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Soybean Allergens Affecting North American Patients Identified by 2D Gels and Mass Spectrometry

Gagnon, C., Poysa, V., Cober, E.R., Gleddie, S. (2010). Soybean Allergens Affecting North American Patients Identified by 2D Gels and Mass Spectrometry, 3(4), 363-374.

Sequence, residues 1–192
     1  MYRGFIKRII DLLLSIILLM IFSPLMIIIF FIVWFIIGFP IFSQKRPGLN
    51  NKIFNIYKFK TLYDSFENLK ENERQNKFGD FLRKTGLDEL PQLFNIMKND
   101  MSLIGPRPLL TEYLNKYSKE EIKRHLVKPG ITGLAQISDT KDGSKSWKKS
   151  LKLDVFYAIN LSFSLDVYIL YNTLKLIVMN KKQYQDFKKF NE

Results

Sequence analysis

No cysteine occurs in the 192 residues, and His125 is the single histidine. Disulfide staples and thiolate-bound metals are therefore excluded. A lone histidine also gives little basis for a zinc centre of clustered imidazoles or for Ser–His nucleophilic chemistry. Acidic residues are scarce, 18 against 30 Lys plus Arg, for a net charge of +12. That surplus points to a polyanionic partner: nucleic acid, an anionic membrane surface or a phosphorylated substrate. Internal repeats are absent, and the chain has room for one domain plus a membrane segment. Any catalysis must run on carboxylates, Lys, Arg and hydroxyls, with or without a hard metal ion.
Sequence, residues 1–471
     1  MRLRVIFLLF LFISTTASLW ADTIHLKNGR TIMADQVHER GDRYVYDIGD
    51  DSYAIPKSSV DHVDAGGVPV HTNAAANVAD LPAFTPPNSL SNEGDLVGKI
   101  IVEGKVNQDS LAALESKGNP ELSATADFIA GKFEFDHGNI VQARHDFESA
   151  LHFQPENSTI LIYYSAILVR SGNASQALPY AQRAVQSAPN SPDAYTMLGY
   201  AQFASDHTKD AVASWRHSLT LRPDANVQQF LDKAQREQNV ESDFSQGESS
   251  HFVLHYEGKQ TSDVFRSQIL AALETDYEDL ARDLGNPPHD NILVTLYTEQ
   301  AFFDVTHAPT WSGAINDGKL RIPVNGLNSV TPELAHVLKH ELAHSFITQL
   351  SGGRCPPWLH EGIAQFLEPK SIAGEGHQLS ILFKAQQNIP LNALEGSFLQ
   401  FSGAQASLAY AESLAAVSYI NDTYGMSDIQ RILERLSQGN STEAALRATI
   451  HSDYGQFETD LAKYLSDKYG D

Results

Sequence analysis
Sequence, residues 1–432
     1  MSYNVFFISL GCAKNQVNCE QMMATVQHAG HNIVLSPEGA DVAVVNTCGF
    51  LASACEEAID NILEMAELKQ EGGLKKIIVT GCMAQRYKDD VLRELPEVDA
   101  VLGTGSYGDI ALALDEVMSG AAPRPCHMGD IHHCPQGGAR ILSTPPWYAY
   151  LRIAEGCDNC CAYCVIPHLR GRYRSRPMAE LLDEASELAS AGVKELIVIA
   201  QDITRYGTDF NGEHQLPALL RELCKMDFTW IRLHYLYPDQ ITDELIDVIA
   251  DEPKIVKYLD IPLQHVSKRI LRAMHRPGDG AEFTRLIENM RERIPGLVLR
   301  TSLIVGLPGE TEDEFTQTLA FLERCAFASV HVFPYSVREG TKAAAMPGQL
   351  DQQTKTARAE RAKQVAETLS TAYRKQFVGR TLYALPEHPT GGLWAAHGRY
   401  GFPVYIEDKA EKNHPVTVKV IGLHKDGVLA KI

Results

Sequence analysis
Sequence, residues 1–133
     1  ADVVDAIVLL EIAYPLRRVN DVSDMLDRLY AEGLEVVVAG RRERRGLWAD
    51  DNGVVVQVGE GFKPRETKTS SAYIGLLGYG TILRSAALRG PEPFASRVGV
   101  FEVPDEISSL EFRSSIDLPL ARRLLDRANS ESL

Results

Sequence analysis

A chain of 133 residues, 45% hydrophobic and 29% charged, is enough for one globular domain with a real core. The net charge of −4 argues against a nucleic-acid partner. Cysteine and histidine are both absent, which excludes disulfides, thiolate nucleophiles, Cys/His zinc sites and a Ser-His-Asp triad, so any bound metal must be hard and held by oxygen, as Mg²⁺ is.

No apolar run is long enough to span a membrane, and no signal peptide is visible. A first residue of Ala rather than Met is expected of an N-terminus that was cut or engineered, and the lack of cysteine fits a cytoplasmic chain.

In this study, we compared the immunoglobulin E immunological reactions of 23 soy-allergic, nine soy-sensitive, and four non-allergic human sera to soybean proteins separated by 1D and 2D gel electrophoresis and screened by Western blot. This method led to novel allergen identification in soybean proteins by tandem mass spectrometry analysis of reactive proteins. Soybean is one of the eight most significant foods which provoke allergic reactions among North Americans. Previous studies have identified several putative allergens present in soybean seeds; however, many of these reports did not employ mass spectrometry to conclusively identify the allergenic proteins. Reviews have suggested that soybean seeds may contain between 10 and 20 different proteins responsible for provoking allergic reactions among sensitive patients. We report, in this study of North American patients, a total of 19 potentially allergenic proteins including ten identified by mass spectrometry and five novel allergens. We have also made extensive use of soybean lines lacking various subunits of the major seed storage proteins, glycinin and β-conglycinin. By using these knockout lines in Western blots with patient serum, it was conclusively demonstrated that some patients react predominantly to only a few proteins, while most react to four to six proteins. The findings herein describe the main allergic proteins present in soybean seeds, the relative significance of these allergens among North Americans, and some genetic lines of soybean lacking individual allergens. © 2009 Her Majesty the Queen in Right of Canada.

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